Wednesday, 26 September 2018

Plant life!

Today I threw out my avocado pear plant. In fact my two avocado pear plants since there were two in the same pot, although we have always had a tendency to refer to it in the singular. It used to be a fine thing with lots of luxurious foliage, a splendid specimen. Then our daughter borrowed it, and a number of other plants, a few years ago to use as a visual aid in the science lesson in her final teaching practice.

She assigned some pupils to water it but they did a poor job. Maybe it just needed a lot more tender loving care than junior school children could provide. They were perhaps not made aware that when the leaves start to droop, such a plant needs a lot more water. The leaves are a bit like arms: drooping by the side they indicate extreme thirst but raised up and sticking out they indicate happiness. Anyway, the poor thing came home in a sorry state and gradually leaves fell off. It made a reasonable recovery but it was a shadow of its former self.

Every time we go away, our daughter pops in fairly regualrly to take care of the plants. As a rule it works well. This summer the heat was just too much for the poor avocado plant. It still has a leaf or two at the top of its two straggly stems but it has lost all its grace. So I am afraid it has been relegated to the garden to take its chances with the weather. Its central place on the kitchen window ledge has been taken by the aloe vera plant which apparently loved the summer and thrived beautifully.

Two avocado stones have been placed in pots if damp compost to see if they will decide to germinate. I am aware that some people recommend suspending the stones, balanced on pins, over a jar of water until they start to sprout roots but that has never worked for me and so I have gone back to my tried and tested stone in compost, with its pointy end uppermost half out of the compost. My green-fingered eldest granddaughter has also tried both methods and found that mine worked best. There you go! Of course there is no knowing how well modern avocado stones, from fruit no doubt grown in huge greenhouses as there is such a demand for them, will fare. We shall see!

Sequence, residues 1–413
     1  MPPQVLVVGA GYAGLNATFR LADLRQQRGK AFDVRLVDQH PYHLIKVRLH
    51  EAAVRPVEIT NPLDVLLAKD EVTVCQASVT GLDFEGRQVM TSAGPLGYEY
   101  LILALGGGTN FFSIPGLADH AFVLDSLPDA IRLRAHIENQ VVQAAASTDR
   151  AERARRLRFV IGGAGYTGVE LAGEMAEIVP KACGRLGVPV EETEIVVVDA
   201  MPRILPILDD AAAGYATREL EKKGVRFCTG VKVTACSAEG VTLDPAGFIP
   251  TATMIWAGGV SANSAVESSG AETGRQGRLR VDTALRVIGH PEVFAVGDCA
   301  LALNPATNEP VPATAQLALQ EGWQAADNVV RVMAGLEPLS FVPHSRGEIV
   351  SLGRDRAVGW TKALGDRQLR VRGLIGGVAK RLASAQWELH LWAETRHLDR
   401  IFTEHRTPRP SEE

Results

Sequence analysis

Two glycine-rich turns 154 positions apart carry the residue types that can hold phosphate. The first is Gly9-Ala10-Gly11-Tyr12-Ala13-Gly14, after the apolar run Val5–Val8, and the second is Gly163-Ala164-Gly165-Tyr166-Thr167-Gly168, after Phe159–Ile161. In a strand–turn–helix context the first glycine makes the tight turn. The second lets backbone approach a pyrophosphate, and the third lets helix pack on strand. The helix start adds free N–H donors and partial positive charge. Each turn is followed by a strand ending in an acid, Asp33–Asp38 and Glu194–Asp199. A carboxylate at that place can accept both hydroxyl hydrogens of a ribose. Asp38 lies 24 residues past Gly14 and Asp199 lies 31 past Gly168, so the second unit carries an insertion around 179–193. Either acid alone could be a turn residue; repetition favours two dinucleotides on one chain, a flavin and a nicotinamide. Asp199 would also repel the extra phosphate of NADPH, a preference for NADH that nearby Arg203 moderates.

Another plant that failed to survive the summer sun through the kitchen window was my mind-your-own-business. For years I told the tale of my grandmother having a plant that looked like cushion of tiny green leaves. Whenever I asked whatbit was, she told me, “Mind your own business!” WHich i considered rather rude from my usually polite grandmother. But it turned put to be its name. No doubt it had a Latin name as well but we were  it bothered about such niceties.

My granddaughter thought I was making it all up until she found one in a garden centre earlier this year and purchased one for me. It was doing beautifully when we went away to Galicia for the summer, just as extreme summer hit the UK. My green-fingered granddaughter and I discussed getting her to care for it in my absence, given her mother’s record for blatantly failing to look after the avocado. In the event time ran away with us and the plant stayed at my house. When I returned briefly in July my daughter apologised for its rather bedraggled state. It was clearly on its way out and had given up the ghost before I set off once more for Spain. A sad story!

But my kitchen window ledge looks much better now than yesterday.

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